Given the focus of the course on literacy teaching, it seemed essential to include language as a subject for reflection. In their certificate year, the students were introduced to theories of language acquisition and aspects of sociolinguistics. As literacy tutors, it is important for them to integrate their awareness of language into their teaching. This awareness is developed in the Diploma year through an introduction to discourse analysis (Fairclough, 2003).In their reflections on the discourses of educational policies, the core curriculum, teaching and learning and learners’ literacy practices, the students identify themselves as mediators between these discourses for their learners. While it is beyond the scope of this paper to expand on this, it indicates another facet of the roles which literacy tutors assume.
One of the Diploma students comments in her learning journal that
I have learned that the process of reflection is very helpful. I have found the process of writing a reflective journal entry as very helpful aid to reflection as it forces me to think in a more concrete way. Often my thoughts tend to be quite vague and wishy-washy but the process of writing helps to clarify my thoughts. I need to develop the discipline of reflecting on ‘critical incidents’ so that I can learn from my mistakes and from my successes. In the words of Socrates, "The unexamined life is not worth living."
The quotation at the end of this excerpt is one of the many about teachers, teaching and learning given to students as part of the course materials. The purpose of these quotations is to provide a range of perspectives which may act as stimuli for reflection on one’s values and beliefs. It is noteworthy that all of the learning journals of the current Diploma students reveal an extensive use of quotations, as a starting point for reflection and to reinforce their arguments. Whether or not this constitutes reflectivity is debatable; what is apparent is that the students are willing to engage in a movement between different perspectives on teaching and learning.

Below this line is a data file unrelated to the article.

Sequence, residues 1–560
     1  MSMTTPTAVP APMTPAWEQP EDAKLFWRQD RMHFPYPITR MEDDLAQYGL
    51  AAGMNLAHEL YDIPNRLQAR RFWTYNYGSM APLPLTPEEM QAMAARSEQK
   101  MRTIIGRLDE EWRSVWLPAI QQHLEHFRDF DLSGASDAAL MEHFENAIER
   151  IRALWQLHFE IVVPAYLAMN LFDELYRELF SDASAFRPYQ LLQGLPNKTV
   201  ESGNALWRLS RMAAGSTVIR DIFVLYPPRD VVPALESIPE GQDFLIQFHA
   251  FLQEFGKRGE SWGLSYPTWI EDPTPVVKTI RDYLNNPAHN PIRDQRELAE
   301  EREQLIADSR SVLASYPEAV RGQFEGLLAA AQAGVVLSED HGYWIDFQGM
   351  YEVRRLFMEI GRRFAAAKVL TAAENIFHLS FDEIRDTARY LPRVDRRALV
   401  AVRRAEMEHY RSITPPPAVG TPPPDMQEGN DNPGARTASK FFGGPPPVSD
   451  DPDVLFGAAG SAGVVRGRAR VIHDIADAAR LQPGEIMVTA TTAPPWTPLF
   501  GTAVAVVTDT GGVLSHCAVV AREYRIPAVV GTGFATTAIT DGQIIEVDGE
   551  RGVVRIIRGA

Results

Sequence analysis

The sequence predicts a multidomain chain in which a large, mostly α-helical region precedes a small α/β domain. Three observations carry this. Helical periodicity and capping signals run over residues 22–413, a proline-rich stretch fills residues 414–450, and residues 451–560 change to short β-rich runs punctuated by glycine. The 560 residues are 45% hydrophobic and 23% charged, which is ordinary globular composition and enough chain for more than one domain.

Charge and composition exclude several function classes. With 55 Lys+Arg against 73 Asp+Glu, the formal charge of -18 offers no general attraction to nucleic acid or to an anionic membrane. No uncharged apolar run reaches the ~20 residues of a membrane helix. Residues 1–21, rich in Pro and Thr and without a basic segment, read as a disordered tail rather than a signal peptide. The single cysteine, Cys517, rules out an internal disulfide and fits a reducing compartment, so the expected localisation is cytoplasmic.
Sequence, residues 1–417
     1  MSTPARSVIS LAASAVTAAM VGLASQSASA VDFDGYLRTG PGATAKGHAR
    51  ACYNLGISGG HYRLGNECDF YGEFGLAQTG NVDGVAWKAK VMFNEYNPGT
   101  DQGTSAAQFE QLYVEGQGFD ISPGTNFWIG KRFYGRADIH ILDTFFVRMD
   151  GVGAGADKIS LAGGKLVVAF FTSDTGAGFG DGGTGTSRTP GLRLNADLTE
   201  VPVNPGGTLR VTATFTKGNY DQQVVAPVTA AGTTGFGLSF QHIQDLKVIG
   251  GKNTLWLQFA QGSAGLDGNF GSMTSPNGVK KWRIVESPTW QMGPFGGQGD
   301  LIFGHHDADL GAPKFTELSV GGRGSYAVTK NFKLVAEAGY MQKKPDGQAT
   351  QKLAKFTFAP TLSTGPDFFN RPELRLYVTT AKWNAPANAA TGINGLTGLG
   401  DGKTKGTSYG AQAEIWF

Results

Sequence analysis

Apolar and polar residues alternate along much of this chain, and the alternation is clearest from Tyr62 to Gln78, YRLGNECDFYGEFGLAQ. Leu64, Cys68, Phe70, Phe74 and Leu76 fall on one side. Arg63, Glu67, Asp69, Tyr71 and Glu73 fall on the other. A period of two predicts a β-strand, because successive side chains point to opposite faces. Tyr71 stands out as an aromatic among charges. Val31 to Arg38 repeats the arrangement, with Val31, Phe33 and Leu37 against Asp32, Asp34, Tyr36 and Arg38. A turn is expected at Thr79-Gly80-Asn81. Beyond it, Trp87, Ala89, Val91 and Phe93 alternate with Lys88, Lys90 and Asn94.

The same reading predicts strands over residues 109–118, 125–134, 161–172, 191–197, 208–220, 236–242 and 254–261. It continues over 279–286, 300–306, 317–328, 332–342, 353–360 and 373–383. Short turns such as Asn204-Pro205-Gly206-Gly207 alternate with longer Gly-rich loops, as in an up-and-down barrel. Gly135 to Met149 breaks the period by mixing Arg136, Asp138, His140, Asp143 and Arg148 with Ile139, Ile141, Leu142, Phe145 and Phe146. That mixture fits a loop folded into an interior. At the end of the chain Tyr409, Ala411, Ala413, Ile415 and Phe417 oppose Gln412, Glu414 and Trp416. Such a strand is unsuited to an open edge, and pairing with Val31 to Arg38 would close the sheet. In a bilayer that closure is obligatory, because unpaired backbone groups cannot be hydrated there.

1. Please note: the term "essential skills" is used in Northern Ireland to replace the older "basic skills" and embraces adult literacy and numeracy.
2. For example, NLA Discussion: misfits in testing http://lsist.literacytent.org/pipermail/nla-nifl-archive/1999-November/002795.html Accessed 30/3/2005
3. These standards are available on the FENTO website http://www.fento.org
4. The nature of this uncertainty is perhaps similar to that of Keats’s concept of Negative Capability, which he defines in a letter to his brothers on 21st December 1817 as "that is, when a man is capable of being in uncertainties, mysteries, doubts, without any irritable reaching after fact and reason"
5. While critical incidents are discussed in class, students are also encouraged to write about them in their learning journals, bearing in mind Ghaye and Lillyman’s caution: "One limitation in relation to critical incidents, noted by Smith and Russell (1991) is that the retrospective evaluation of personal experience can be subject to subconscious editing. This may provide the espoused theory being identified rather than the theory-in-practice. For this reason we recommend the use of learning journals in which to record the critical incidents as they occur." (2000: 15)
6. Barsch Inventory, http://ww2.nscc.edu/gerth_d/AAA0000000/barsch_inventory.htm , accessed 03/04/05
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This document was added to the Education-Line database on 03 January 2007